Contract Staffing 101: Picking Your Back Office Provider

Jul 25, 2013

Offering contract staffing has many advantages. It helps you generate consistent cash flow. It can strengthen client loyalty by making you a one-stop shop for all their staffing needs. And it can give you an extra tool to overcome hiring objections such as hiring freezes and budget constraints. So if it so great, why aren’t ALL recruiters doing it?

Back Office Services ChartWell, there is a misconception that contract staffing is hard. And it can be if you are trying to do it alone. Most recruiters, especially those running small firms or “one-man shows,” don’t have the resources or time to handle the additional tasks. But that doesn’t mean recruiters have to turn down lucrative contract staffing job orders. Instead, they could utilize a contract staffing back-office to handle all the financial, administrative, and legal issues. In this scenario, the back-office becomes the legal Employer of Record for the contractor and assumes all of the employment responsibilities. (See chart).

All you need to do is match the job order to the contract candidate, and confirm the bill rate and pay rate. Then you can contact the back-office to handle the details. In essence, they become another part of your business, leaving you to do what you do best – recruit.

Because the back-office is going to handle critical tasks, you want to select it carefully. In addition to confirming that the back-office provider is handling the employment responsibilities, you may want to ask the following questions:

What positions do you accept?

Some back-offices only place individuals in office environments due to workers’ compensation restrictions. Make sure your back-office can accept the positions for which you are recruiting.

What happens if a client doesn’t pay an invoice?

Are recruiters responsible for client invoices that are “uncollectable?” What are the standard invoicing terms?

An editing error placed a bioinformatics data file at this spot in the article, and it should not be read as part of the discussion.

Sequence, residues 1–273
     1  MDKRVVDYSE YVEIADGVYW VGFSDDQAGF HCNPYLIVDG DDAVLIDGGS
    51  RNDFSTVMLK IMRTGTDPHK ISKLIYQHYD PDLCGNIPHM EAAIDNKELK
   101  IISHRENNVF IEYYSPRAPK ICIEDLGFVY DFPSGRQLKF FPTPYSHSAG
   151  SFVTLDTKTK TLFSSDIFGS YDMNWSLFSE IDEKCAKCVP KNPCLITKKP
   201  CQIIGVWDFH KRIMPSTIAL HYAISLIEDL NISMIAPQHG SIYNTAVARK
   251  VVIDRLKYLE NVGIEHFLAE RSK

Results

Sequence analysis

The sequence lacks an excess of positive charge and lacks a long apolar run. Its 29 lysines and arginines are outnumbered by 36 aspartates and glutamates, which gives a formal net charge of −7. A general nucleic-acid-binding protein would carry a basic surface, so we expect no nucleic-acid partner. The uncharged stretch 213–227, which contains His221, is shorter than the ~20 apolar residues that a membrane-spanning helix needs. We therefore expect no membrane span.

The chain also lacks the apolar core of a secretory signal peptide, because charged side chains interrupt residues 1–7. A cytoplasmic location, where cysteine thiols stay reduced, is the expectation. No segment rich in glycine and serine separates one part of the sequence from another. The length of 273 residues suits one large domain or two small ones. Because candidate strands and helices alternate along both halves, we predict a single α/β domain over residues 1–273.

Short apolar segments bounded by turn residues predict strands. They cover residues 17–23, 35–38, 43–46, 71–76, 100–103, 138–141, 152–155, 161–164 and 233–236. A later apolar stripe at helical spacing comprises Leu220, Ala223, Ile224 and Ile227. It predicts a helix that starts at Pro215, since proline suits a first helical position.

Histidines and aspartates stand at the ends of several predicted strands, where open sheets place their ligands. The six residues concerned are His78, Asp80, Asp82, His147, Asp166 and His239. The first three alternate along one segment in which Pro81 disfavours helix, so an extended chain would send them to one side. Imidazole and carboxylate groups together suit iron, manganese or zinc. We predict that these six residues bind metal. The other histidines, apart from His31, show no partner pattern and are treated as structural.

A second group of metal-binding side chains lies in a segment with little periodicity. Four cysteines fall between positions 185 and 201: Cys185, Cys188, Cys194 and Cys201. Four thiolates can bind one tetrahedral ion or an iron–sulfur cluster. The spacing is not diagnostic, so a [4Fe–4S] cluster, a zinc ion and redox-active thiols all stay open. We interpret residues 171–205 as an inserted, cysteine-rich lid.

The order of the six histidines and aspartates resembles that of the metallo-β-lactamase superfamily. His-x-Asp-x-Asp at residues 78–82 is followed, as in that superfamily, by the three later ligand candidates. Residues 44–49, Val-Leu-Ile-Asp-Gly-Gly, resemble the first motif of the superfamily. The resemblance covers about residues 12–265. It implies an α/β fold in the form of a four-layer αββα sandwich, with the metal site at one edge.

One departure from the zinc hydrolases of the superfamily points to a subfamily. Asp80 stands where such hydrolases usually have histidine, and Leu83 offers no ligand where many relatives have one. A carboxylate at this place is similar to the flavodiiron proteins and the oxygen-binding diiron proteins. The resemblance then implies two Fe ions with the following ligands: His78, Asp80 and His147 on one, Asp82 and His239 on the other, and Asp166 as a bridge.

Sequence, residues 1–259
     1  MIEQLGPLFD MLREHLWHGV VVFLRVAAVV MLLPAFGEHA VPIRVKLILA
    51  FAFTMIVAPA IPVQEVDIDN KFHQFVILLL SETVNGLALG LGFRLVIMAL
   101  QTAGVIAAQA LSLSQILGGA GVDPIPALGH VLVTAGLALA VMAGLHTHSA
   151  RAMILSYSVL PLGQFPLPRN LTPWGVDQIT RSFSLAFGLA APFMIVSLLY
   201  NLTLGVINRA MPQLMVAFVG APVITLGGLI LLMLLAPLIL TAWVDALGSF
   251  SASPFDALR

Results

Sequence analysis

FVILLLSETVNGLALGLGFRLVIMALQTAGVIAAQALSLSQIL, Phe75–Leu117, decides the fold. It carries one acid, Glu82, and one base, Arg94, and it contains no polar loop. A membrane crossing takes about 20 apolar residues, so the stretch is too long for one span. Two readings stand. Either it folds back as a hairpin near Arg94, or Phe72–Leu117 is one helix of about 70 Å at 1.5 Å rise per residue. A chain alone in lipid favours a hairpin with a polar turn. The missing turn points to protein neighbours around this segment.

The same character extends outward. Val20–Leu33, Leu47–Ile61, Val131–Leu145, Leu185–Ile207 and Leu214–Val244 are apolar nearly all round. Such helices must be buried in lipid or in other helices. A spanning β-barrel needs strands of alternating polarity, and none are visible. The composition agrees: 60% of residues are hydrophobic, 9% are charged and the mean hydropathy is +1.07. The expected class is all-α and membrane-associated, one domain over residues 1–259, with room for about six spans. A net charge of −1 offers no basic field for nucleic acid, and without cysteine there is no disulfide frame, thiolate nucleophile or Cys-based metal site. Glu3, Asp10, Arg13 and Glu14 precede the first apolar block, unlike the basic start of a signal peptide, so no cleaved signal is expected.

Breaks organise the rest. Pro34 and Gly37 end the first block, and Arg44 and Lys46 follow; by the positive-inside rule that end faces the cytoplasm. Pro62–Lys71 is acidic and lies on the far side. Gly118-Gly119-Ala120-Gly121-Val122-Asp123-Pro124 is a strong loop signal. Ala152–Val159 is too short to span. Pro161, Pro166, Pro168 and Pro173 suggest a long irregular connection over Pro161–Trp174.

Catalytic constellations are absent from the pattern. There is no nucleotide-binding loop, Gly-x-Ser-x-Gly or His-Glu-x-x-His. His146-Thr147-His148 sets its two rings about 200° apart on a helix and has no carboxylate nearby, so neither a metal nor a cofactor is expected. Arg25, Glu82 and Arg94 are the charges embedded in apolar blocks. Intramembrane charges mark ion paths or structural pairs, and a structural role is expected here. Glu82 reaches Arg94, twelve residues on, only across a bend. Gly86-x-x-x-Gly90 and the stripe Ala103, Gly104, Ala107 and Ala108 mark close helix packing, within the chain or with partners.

Do you provide contractor benefits? 

If you want to attract and retain the best contract candidates, make sure your back-office offers benefits (medical, dental, vision, and life insurance, 401k, etc.).

Do you recruit candidates and fill your own job orders?

If you want to ensure that the candidate remains “your” candidate, you may want to confirm that the back-office does not do any recruiting.

Do I have to sign a contract to use the back-office?

If so, you may be obligated to use their services for a certain period of time.

Do you run background checks on contractors?

Ensuring that a background check is run on every contractor can help you protect yourself from liability and maintain your reputation.

Who becomes the legal Employer of Record and takes the responsibility for the worker?

A true contract staffing back-office will take this responsibility. If the vendor is only providing payroll funding, your client or you may end up retaining employment responsibilities.

Some recruiters are concerned about how they will explain the back-office to their client companies. Luckily, this is not as tricky as it may sound. Simply explain that the back-office will handle all of the administrative, “behind the scenes” issues, and you will handle all of the recruiting issues as the “front-office.” Stress that you are still their go-to person for all recruiting needs. Knowing that you are still there for them and will assist them with any recruiting-related issues should ease their concerns.

Contract staffing can be complicated, but it doesn’t have to be. By utilizing a contract staffing back-office, you can reap all of the rewards of contract staffing without the headaches.

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